1. Qualified preparer. A comprehensive economic impact study must be prepared by a person, other than the applicant for a large-scale retail development, listed by the office as qualified by education, training and experience to prepare such a study. The office shall provide the list of qualified preparers to a municipal reviewing authority and land use permit applicant upon request. The office shall adopt routine technical rules under Title 5, chapter 375, subchapter 2-A to carry out the purposes of this subsection.
  2. Selection of preparer. The selection of the preparer must be mutually agreed upon by the municipal reviewing authority and the applicant. If no mutual agreement is reached within 15 days, the municipal reviewing authority shall select the preparer. The preparer must be qualified in accordance with subsection 1.
  3. Payment. The applicant for the permit shall pay a fee of $40,000 to the office to be deposited into a dedicated revenue account. The development application is not complete for processing until the office confirms that the fee has been paid.The office shall disburse to the municipality from the dedicated account an amount equal to the municipality’s projected costs of the comprehensive economic impact study contract, notice of the public hearing and related municipal staff support. The municipality’s contract for the study must be defined and priced to ensure that the $40,000 fee will be sufficient to cover both the costs of the study and the costs listed in this subsection. The office may charge against the fee an amount sufficient to cover its costs to record, administer and disburse the fee, but which may not exceed $1,000. Any unexpended funds from the $40,000 fee must be returned to the applicant.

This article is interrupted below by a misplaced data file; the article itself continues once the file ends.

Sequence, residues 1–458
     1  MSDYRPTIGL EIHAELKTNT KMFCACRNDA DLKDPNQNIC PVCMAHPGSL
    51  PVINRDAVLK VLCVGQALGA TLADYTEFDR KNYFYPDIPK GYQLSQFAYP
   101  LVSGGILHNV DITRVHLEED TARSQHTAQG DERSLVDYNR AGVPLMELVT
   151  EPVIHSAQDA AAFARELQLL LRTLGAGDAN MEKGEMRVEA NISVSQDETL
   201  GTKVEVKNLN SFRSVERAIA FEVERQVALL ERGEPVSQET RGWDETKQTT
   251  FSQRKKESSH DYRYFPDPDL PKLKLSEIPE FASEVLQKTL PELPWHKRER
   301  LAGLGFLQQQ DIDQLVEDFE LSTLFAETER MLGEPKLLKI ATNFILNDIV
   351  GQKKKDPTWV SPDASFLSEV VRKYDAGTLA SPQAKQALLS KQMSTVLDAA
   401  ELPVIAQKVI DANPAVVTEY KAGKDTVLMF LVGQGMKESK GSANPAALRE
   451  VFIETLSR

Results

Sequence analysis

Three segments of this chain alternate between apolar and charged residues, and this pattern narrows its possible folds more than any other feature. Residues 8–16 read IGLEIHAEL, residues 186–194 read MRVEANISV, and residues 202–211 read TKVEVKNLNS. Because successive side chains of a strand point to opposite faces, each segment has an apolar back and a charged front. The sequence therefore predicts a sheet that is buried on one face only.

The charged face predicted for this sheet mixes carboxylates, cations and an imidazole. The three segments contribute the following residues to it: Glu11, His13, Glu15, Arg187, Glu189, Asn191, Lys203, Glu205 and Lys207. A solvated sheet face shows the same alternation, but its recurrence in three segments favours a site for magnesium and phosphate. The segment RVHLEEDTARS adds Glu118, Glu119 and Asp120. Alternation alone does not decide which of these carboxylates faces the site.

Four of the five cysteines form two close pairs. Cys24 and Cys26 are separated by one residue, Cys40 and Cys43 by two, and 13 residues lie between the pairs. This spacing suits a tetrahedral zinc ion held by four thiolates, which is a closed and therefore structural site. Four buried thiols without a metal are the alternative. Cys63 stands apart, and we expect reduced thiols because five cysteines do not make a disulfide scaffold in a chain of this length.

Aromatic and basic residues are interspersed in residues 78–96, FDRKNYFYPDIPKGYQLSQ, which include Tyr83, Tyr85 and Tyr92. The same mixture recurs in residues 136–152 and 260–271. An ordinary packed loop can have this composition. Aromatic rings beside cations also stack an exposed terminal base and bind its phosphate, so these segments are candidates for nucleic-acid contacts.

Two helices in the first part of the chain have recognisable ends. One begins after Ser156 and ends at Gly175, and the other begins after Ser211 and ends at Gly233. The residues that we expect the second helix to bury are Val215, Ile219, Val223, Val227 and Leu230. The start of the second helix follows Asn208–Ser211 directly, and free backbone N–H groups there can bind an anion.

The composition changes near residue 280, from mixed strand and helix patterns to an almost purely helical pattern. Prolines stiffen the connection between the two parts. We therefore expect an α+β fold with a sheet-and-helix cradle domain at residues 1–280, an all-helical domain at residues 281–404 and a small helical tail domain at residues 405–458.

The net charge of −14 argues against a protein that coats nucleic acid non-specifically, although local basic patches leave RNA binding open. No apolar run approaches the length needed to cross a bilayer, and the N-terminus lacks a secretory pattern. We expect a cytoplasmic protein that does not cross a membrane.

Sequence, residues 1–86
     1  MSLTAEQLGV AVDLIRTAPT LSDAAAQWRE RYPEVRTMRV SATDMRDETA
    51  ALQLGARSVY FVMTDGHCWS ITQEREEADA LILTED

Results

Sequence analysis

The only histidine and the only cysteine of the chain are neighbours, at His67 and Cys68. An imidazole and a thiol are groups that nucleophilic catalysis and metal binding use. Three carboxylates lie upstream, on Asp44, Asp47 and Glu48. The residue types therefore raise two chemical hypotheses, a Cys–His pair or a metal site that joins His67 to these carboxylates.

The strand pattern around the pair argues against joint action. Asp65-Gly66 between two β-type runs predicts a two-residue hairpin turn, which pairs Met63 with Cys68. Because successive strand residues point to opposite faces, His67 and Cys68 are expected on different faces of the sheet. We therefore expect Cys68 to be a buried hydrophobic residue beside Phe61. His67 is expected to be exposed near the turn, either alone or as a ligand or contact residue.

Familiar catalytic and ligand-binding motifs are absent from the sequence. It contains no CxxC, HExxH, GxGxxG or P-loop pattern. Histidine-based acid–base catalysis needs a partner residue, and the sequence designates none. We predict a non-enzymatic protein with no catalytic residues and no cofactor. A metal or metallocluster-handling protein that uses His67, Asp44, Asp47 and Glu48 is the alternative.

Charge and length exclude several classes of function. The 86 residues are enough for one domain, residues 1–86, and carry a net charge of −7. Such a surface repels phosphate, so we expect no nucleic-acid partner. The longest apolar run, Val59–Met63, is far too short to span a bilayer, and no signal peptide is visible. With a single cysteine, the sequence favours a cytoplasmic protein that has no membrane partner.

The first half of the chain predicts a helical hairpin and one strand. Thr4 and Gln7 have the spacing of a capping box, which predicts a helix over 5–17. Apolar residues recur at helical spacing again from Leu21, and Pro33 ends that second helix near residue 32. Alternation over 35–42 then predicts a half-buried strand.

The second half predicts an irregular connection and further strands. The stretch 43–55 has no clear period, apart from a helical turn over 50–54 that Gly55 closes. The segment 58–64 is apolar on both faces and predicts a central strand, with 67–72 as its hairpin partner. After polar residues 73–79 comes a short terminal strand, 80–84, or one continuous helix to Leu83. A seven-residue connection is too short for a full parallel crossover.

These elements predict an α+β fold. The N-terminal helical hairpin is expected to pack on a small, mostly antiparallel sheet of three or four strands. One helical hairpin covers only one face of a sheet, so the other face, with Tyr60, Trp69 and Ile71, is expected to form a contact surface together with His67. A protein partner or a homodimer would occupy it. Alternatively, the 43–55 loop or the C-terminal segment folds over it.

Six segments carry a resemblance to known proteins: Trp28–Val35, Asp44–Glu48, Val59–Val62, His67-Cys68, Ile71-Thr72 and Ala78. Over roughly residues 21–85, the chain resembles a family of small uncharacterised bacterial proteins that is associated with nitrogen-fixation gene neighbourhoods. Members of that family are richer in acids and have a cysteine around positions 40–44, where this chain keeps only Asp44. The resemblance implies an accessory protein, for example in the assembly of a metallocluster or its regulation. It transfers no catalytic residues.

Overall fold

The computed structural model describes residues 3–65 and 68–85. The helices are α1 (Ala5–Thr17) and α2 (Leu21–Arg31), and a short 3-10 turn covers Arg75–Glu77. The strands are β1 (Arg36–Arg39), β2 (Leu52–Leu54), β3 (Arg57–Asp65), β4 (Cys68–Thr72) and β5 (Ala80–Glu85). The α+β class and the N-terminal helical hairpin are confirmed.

4. Comprehensive economic impact study. The comprehensive economic impact study must be completed within 4 months of the filing of the application and must be made available to the municipal reviewing authority, the applicant and the public. It must estimate the effects of the large-scale retail development as set out in this subsection.

A. The comprehensive economic impact study, using existing studies and data and through the collection and analysis of new data, must identify the economic effects of the large-scale retail development on existing retail operations; supply and demand for retail space; number and location of existing retail establishments where there is overlap of goods and services offered; employment, including projected net job creation and loss; retail wages and benefits; captured share of existing retail sales; sales revenue retained and reinvested in the comprehensive economic impact area; municipal revenues generated; municipal capital, service and maintenance costs caused by the development’s construction and operation, including costs of roads and police, fire, rescue and sewer services; the amount of public subsidies, including tax increment financing; and public water utility, sewage disposal and solid waste disposal capacity.

B. The comprehensive economic impact study must identify, to the extent that there are available for reference, existing studies and data, the general environmental effects on those factors enumerated in section 4404, regardless of whether the project is a subdivision, and in Title 38, sections 480-D and 484, regardless of the acreage of the project site.

§ 4368. Public hearing

  1. Public participation required. The municipal reviewing authority shall provide the public with an adequate opportunity to be heard prior to the approval of a permit for a large-scale retail development.